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A Beginner's Guide to Freelancing


The opportunities for freelancing careers have never been better. The internet makes it easy to market your skills and search for new clients, and even though there's a lot of competition in most areas, there's still room for growth. The bottom line is that if you have skills that are in need, someone is looking to hire you. So here's a short beginner's guide to freelancing. This article assumes you already have an education or work experience, and you're ready to take your skills from the workplace to your home office.

Marketing Your Skills to Potential Clients

This doesn't have to include a massive budget when you're starting out. You can get a website up and running for relatively low cost. If you don't have the skills to do this, you could outsource to another freelancer to do it for you.

You'll need a supply of business cards. There are companies online that supply free business cards on nice templates; all you have to pay for is shipping fees. Make sure the cards have all your contact info on them, including phone, fax, email, and website address.

Finally, network, network, network. You can have a great website up and running, but it takes time to build up traffic and clients through that. Pound the pavement, and get your name out there. Pass out business cards, meet new people every day, and ask friends and family to refer work to you.

Understanding Service Contracts

If you're going into freelancing, you're going to need to familiarize yourself with service contracts. You need to have all the terms spelled out clearly in the contract. There's a lot more to it than just the work you're providing and how much the client agrees to pay. Make sure the contract contains:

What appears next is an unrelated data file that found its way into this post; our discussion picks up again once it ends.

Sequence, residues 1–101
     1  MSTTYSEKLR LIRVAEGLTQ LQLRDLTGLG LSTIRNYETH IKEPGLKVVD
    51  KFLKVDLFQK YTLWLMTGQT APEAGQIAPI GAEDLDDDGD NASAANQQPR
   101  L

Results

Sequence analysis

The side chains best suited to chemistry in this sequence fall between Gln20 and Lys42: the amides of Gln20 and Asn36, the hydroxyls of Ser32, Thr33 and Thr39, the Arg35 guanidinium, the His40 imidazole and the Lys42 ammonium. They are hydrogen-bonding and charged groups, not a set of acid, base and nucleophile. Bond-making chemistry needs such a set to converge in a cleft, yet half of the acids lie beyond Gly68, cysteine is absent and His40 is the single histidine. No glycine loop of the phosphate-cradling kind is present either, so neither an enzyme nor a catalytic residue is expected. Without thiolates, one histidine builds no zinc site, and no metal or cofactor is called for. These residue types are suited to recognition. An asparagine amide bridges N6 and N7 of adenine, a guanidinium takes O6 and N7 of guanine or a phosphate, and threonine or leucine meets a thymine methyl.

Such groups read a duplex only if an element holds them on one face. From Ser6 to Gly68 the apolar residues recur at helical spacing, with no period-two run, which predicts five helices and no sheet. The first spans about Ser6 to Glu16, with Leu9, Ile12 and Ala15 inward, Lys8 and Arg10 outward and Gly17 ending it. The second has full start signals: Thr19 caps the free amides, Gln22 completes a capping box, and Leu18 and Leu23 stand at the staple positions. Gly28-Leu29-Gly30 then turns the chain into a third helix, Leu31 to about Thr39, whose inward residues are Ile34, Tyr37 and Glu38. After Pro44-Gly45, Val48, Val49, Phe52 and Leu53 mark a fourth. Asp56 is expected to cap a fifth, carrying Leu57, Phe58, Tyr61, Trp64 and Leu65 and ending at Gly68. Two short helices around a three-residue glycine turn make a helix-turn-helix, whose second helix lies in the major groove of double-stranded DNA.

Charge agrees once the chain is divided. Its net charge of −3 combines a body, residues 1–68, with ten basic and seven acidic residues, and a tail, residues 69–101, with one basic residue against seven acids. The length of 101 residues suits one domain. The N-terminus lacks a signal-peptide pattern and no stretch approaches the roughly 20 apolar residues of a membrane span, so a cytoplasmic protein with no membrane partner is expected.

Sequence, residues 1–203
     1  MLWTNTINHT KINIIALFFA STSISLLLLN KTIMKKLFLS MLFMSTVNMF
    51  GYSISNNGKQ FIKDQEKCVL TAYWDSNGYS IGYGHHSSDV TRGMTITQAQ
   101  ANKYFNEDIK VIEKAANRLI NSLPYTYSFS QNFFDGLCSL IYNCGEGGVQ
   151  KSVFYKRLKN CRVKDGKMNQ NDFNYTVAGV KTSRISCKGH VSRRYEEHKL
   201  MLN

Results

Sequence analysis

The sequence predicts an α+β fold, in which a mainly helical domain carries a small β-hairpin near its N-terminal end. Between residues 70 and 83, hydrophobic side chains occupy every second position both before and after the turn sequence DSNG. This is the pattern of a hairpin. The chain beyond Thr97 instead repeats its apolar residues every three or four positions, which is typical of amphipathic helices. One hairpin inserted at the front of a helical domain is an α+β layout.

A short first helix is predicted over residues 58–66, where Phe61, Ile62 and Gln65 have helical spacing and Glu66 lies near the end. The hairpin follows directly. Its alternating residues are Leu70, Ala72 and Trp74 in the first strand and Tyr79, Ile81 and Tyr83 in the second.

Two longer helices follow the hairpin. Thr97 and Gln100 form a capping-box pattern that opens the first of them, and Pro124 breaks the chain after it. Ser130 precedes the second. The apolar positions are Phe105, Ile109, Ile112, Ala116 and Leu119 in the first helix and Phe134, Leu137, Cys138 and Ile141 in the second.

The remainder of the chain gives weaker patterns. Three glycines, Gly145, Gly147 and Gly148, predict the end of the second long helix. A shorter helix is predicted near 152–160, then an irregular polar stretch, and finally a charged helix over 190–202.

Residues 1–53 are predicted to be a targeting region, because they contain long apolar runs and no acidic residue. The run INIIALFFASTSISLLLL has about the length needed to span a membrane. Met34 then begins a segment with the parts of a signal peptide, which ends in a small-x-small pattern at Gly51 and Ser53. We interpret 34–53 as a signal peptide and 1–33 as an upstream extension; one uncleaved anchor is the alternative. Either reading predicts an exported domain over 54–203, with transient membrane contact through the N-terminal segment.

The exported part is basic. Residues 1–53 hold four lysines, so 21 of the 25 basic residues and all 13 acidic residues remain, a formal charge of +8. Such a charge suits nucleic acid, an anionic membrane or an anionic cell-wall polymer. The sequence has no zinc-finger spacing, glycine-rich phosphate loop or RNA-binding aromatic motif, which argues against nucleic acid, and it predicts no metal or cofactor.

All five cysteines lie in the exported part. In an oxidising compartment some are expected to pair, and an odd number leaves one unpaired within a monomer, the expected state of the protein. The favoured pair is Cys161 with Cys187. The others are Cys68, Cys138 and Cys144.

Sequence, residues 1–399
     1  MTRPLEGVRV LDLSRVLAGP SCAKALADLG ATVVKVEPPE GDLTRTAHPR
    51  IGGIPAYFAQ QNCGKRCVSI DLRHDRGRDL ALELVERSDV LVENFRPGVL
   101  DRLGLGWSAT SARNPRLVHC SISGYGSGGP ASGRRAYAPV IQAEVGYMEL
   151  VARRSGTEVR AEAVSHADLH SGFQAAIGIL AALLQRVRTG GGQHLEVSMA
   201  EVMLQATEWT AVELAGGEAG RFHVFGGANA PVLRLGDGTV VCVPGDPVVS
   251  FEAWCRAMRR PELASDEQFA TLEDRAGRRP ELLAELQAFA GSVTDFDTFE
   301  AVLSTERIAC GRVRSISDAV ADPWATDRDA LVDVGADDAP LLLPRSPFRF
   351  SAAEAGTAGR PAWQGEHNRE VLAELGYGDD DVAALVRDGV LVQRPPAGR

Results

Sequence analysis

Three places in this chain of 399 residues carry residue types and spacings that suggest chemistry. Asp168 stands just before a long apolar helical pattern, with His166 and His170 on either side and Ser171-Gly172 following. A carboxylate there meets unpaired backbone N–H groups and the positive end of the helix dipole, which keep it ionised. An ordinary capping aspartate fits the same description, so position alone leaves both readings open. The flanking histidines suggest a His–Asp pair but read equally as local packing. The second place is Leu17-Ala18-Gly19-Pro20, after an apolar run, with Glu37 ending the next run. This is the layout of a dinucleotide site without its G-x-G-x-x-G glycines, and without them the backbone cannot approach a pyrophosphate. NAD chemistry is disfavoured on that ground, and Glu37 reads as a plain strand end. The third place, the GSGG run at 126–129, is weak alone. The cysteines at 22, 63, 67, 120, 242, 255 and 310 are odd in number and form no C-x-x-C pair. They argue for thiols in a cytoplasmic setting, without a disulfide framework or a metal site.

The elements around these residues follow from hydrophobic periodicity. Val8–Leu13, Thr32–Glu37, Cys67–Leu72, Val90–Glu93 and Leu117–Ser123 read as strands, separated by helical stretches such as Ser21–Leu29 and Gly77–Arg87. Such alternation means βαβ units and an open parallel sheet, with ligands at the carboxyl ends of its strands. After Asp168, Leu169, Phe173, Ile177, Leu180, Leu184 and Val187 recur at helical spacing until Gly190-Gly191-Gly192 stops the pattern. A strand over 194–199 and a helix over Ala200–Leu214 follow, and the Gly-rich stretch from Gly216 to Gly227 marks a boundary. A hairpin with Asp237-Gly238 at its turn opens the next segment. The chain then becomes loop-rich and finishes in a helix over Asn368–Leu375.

• a deadline for delivery
  • the exact work which will be performed
  • how the payment will be made
  • any guarantees from both parties
  • liabilities

Clients often try to pile more work on a freelancer after a job has been accepted. Make sure the terms are spelled out clearly, so you don't end up having to do additional work for free.

Sending the Bills Out

You'll need to learn about invoicing if you haven't already.  Quickbooks, and other money software programs, will have sample invoices that you can use or adjust to your own liking. Make sure the bill includes:

  • the service or items provided
  • a short description of the item
  • hours worked (unless it's a flat fee job)
  • the price of each item
  • the total

Include the balance due and the date by which payment is expected. If you accept checks for your business, make sure the invoice contains a line stating, "Make checks payable to (your business name)." You'll want to use the same software program to send your clients a receipt as soon as you've received the payment.

That's a short guide to some tools you'll need if you're going to launch a freelancing career. It might involve more paperwork than you're used to, but once you've got a few contracts, invoices, and receipts under your belt, it'll become a quick and easy process for you.


Daphne Mallory, Esq. is the co-owner of Mallory Writing Services and has written more than 100 articles helping home based business owners and entrepreneurs start and market their business. You can learn more about her here.

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